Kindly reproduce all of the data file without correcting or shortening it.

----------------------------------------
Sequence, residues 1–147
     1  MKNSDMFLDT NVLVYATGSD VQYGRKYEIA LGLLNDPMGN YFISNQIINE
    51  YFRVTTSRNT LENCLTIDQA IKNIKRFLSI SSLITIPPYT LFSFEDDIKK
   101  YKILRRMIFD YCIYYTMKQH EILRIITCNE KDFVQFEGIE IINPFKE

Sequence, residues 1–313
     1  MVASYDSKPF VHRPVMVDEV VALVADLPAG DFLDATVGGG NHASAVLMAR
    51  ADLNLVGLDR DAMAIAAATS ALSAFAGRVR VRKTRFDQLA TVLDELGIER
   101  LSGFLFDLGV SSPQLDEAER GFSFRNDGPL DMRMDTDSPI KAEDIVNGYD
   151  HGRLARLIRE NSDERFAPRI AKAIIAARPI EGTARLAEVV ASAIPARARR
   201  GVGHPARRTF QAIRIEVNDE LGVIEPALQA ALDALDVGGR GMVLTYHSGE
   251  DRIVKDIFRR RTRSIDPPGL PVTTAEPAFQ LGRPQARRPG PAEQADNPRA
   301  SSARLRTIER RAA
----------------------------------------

Sequence, residues 1–147
     1  MKNSDMFLDT NVLVYATGSD VQYGRKYEIA LGLLNDPMGN YFISNQIINE
    51  YFRVTTSRNT LENCLTIDQA IKNIKRFLSI SSLITIPPYT LFSFEDDIKK
   101  YKILRRMIFD YCIYYTMKQH EILRIITCNE KDFVQFEGIE IINPFKE

Sequence, residues 1–313
     1  MVASYDSKPF VHRPVMVDEV VALVADLPAG DFLDATVGGG NHASAVLMAR
    51  ADLNLVGLDR DAMAIAAATS ALSAFAGRVR VRKTRFDQLA TVLDELGIER
   101  LSGFLFDLGV SSPQLDEAER GFSFRNDGPL DMRMDTDSPI KAEDIVNGYD
   151  HGRLARLIRE NSDERFAPRI AKAIIAARPI EGTARLAEVV ASAIPARARR
   201  GVGHPARRTF QAIRIEVNDE LGVIEPALQA ALDALDVGGR GMVLTYHSGE
   251  DRIVKDIFRR RTRSIDPPGL PVTTAEPAFQ LGRPQARRPG PAEQADNPRA
   301  SSARLRTIER RAA